Q: Can I upload other, non-COVID immunization records through the portal?
A: At this time, the Immunization Record Submission portal can only be used for out-of-province and out-of-country COVID-19 immunization records.
Q: I received a COVID-19 vaccine outside of Alberta. How will it be added to my immunization records?
A: Out-of-province and out-of-country immunizations can be uploaded to the Immunization Record Submission online portal ahs.ca/vaccineregistry, which will then be reviewed by AHS and added to your health records.
Q: Can I use my Alberta vaccine record and QR code for travel?
Canadians travellers may be required to show proof of vaccination before going abroad. It is recommended that people check the policies of individual countries, state/local governments, cruise lines and/or venues and events before travelling.
Q: Is consent from a parent or guardian required for a minor to be vaccinated?
A: Parental consent for minors under the age of 18 is required. In some circumstances, a minor may be determined to be a mature minor who has the capacity to consent to being vaccinated on their own behalf. This is determined on a case by case basis.
Q: Is there a consent form parents or guardians are required to sign?
A: Prior to receiving their immunization, minors (under 18 years of age) if who are not deemed a mature minor will require parent/guardian consent. If the parent/guardian is in attendance, verbal consent is appropriate. If a parent/guardian cannot be in attendance, a consent form can be signed and provided if they are not deemed a mature minor to the immunizer prior to administering the vaccine. This form can be found here: Consent for COVID-19 Immunization
Q: Does a parent or guardian need to accompany the minor to their immunization appointment to provide consent?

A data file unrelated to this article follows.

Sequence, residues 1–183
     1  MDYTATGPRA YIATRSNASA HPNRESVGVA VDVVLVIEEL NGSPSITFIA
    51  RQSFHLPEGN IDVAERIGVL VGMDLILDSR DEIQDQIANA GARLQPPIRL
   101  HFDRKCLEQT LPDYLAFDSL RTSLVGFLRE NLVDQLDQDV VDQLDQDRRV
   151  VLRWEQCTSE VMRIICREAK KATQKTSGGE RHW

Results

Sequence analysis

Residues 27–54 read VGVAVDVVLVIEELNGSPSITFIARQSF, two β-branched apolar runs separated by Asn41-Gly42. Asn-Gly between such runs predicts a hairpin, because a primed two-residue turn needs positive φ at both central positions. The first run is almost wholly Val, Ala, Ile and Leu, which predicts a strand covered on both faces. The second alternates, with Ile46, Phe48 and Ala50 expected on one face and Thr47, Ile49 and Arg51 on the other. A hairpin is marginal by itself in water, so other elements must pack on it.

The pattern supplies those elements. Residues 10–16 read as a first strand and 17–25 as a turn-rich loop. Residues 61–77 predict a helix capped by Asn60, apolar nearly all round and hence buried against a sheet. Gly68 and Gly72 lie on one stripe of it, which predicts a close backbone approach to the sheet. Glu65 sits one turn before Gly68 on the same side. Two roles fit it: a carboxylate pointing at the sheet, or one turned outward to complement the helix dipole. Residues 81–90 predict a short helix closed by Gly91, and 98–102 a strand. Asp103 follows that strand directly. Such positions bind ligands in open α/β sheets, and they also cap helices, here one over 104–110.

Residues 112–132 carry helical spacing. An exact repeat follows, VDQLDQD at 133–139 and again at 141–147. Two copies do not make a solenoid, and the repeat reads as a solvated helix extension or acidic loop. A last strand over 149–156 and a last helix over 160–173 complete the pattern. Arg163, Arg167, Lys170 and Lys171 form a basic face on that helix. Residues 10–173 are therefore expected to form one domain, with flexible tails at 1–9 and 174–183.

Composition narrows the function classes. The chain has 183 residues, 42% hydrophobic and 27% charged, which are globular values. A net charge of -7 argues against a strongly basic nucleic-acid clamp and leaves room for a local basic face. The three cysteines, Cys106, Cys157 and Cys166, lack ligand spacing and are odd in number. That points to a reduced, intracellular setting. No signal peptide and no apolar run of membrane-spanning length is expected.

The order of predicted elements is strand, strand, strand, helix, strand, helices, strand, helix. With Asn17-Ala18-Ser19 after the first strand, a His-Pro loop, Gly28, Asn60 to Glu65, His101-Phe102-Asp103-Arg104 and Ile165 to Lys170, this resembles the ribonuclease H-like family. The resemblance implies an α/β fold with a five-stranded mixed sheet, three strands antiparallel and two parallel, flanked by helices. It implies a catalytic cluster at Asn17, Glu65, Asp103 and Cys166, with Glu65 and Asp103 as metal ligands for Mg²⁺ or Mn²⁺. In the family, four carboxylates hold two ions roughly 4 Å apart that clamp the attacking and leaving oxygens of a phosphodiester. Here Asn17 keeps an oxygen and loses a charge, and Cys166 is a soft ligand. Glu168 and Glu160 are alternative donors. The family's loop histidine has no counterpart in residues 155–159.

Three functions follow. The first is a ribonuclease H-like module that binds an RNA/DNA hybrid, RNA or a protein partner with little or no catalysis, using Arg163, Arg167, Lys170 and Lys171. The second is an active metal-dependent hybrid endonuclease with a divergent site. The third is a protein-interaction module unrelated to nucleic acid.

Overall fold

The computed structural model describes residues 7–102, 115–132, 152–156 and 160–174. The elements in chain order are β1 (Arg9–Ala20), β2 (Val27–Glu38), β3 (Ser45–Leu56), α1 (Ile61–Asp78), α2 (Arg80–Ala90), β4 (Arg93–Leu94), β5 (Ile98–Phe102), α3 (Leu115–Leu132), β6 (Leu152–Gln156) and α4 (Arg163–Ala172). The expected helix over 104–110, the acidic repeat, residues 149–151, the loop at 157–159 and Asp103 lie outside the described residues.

A: If the parent is unable to attend the appointment, the minor can bring a signed consent form. Verbal consent from the parent/guardian at the time of the appointment is preferred.
In circumstances where a minor does not have signed consent form but is deemed mature by the attending immunizer, parental consent is not required.
Providing immunization for a mature minor and the assessment leading to this decision by the attending immunizer is done on a case by case basis.
Q: If parental consent is required, can this be provided electronically or remotely?
A: The parental consent form can be viewed or downloaded electronically. However, electronic signatures or submitting the signed consent form electronically is not possible at this time.
Parents are asked to print the consent form, sign it, and send it with the youth, or individual accompanying the youth, to the immunization appointment.
Q: Can a parent accompany the youth being immunized if the child requests it?
A: Yes. A parent can accompany a youth to their immunization.
Q: What if a minor does not have a parent or guardian willing to provide consent, but the youth would like to get the vaccine?
A: In some circumstances, a youth under the age of 18 may be determined to be a mature minor who has the capacity to consent to being vaccinated on their own behalf.
This is determined by each healthcare provider and takes into consideration a number of factors including age, and ability to understand the benefits and risk of the vaccine.
Providing immunization for a mature minor and the assessment leading to this decision by the attending immunizer is done on a case by case basis.
Q: How effective are the vaccines?
A: Before Omicron, vaccines were highly effective at preventing infection, and even better at preventing severe outcomes1. Since Omicron began to spread widely, its mutations have meant that vaccine doses are less able to prevent infection2. The good news is that vaccines still work very well to reduce the risk of severe outcomes and this protection still lasts a long time.2
In summary, even though they do not prevent all transmission, vaccines are a very effective tool to help lower the risk of hospitalization and death from COVID-19.
Q: Why is immunization important?
A: Although some individuals are at greater risk for severe complications, without immunization, we have seen that even healthy Albertans are at risk of severe illness and even death from this virus.
Vaccines make your immune system stronger. They build antibodies to help prevent diseases. Immunization is safe. It is much safer to get immunized than to get COVID-19 disease.
We all must do our part to protect one another. Immunization is the single most effective means of protecting yourself, your loved ones and the greater community from COVID-19.
Q: How do I make the decision on which vaccine is right for me?
A: This decision is a personal choice. AHS, in conjunction with Alberta Health, recommends all Albertans get immunized as soon as they are eligible no matter what vaccine option is provided.